The centennial of The Star-Spangled Banner brought a renewed interest in the song and the story of how it came to be written. Though the United States would not enter World War I until 1916, the conflict in Europe was on the minds of Americans everywhere and the knowledge that they may soon become embroiled in a foreign conflict loomed over them.
In the 200 years since Francis Scott Key wrote the words to The Star-Spangled Banner (then The Defense of Fort M’Henry), the song has proved to be just as resilient as the spirits of those who inspired it. The story of how the song was written is one that most Americans know. However, between its writing and today, the song has been through a number of changes, some subtle, some not.
It was the Mid-West National Band Clinic, 1964. Merrill Jones sat alone at a table with his publishing company’s entire catalog — one piece by Claude T. Smith, a well-known band director in the area around Kansas City.
The year 2014 could prove to be significant for the legacy of Carl Philipp Emanuel Bach. The second surviving son of the great Johann Sebastian Bach was born on March 8, 1714, and a flurry of events worldwide will commemorate the 300th anniversary of his birth. Six cities in Germany will hold celebrations this year, with the most extensive in Hamburg, where C.P.E. Bach spent the last twenty years of his life.
We know the story of how The Star-Spangled Banner was written. Francis Scott Key, lawyer and amateur poet, sat aboard a British warship in Baltimore Harbor watching the bombardment of Fort McHenry when the lyrics came to him.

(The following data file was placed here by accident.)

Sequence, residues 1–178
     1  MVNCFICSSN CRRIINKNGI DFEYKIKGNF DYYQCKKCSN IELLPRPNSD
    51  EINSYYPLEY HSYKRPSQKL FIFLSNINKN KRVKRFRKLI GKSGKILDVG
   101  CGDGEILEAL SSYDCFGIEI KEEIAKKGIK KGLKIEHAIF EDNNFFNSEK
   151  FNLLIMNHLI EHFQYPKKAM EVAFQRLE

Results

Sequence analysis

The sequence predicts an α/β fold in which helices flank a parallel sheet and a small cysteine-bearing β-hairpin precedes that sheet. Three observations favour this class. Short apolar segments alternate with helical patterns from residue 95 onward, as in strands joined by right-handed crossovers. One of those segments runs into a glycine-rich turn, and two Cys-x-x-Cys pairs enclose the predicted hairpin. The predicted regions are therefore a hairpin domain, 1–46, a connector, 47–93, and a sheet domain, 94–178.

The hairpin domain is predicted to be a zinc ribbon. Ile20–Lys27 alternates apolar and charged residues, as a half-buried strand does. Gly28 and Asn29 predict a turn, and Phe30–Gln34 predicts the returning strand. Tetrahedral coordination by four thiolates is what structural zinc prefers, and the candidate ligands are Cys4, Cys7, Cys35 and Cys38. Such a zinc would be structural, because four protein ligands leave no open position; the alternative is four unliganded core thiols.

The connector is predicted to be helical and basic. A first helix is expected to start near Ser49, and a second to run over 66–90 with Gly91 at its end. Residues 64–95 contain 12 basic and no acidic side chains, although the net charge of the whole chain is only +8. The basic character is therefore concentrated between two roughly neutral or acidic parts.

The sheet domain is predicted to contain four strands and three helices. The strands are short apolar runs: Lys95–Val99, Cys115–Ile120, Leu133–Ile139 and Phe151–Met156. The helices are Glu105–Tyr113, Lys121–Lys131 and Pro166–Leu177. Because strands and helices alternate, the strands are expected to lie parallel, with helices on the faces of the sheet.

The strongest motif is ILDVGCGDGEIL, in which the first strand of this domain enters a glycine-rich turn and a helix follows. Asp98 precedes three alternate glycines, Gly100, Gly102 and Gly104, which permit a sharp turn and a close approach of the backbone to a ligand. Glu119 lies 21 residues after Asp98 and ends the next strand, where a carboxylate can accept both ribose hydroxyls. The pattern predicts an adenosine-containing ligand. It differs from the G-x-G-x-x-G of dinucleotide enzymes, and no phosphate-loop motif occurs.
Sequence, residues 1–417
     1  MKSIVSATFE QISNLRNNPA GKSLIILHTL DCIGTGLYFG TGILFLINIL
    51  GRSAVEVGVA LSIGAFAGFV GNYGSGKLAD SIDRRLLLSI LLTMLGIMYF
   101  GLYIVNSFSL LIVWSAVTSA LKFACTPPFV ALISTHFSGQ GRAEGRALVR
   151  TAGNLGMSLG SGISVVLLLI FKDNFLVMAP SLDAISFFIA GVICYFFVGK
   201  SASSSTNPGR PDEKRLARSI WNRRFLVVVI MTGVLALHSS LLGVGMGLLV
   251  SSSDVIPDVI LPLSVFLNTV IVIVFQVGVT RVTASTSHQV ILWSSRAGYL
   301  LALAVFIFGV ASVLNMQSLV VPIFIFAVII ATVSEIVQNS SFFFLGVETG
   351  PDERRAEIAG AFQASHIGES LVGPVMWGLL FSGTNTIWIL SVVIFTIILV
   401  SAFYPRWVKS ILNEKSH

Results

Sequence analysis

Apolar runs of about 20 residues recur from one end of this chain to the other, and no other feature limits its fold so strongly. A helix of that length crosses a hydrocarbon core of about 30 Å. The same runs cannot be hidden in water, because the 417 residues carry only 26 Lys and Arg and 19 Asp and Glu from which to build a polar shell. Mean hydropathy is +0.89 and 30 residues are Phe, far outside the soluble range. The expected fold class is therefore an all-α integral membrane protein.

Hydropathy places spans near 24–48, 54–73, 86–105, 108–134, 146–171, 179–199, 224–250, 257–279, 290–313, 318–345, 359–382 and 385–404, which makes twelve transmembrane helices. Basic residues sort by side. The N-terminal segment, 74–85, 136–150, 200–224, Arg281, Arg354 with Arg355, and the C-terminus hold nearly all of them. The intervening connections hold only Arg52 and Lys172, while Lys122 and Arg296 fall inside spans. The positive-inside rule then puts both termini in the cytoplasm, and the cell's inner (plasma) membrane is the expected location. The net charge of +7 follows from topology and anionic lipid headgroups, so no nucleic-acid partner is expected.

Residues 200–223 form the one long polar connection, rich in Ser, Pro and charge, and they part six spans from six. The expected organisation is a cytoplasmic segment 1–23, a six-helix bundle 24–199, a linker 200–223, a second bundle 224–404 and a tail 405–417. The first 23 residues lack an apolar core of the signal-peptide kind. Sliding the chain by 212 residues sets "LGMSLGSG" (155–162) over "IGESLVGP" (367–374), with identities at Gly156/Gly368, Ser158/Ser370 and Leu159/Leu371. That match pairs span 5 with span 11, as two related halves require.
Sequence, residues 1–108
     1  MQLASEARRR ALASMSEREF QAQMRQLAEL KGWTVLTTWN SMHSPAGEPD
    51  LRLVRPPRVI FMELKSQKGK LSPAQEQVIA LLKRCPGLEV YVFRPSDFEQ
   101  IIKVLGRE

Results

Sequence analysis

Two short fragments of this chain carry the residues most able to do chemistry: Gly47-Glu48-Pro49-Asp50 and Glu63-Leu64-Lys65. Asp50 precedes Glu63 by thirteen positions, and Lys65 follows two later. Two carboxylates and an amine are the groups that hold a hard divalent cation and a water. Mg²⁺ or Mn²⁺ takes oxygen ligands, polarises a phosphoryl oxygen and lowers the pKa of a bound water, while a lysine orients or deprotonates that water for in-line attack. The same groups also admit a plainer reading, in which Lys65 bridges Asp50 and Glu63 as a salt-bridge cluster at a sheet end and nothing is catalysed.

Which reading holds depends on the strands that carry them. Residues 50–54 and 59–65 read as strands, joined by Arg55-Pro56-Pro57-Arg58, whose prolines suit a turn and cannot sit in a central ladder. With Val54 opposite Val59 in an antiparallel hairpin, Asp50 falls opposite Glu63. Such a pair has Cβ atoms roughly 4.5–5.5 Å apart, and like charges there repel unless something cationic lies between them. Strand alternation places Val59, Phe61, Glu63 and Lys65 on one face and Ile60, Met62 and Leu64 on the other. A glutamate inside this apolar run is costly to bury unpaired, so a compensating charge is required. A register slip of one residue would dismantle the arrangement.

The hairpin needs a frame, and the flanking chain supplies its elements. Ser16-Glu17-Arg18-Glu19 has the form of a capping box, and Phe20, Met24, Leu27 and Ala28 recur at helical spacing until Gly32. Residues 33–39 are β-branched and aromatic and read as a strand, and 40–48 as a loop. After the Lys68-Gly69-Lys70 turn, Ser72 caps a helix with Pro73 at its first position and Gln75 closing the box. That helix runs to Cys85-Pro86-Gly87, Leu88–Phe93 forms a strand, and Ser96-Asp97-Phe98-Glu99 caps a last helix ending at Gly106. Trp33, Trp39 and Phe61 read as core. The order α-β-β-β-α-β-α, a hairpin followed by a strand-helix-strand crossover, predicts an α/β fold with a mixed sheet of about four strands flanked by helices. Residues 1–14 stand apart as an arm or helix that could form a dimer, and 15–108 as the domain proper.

On June 14, 1777, the Second Continental Congress authorized a brand-new flag – the Stars and Stripes — for a brand-new nation, the United States of America. Though President Woodrow Wilson established June 14 as Flag Day with an official proclamation in 1916, it was not until 1949 that June 14 was established as National Flag Day by an Act of Congress and signed into law by President Harry Truman. By the time Flag Day was officially established, some of our country’s most well-known patriotic music had been written.
How did it all start, you ask? Well, let me tell you. It all began about a few thousand years ago when pagan songs were sung to celebrate the Winter Solstice, around December 22, while dancing around stone circles. A carol, also called a “noel,” actually refers to a dance or song of praise and joy, and used to be written for all four of the seasons; however, the Christmas season has been the only one where the tradition survives.
Veterans Day: A celebration to honor America’s veterans for their patriotism, love of country, and willingness to serve and sacrifice for the common good.
John Philip Sousa was born in Washington, D.C. in 1854, on G Street near the Marine Barracks. His father, Antonio, played trombone in the U.S. Marine Band, and John Philip grew up surrounded by military music.
By the 1970s there were many traveling groups — some family quartets, some all-male quartets, and even mixed trios were seen traveling to churches and conventions across the country.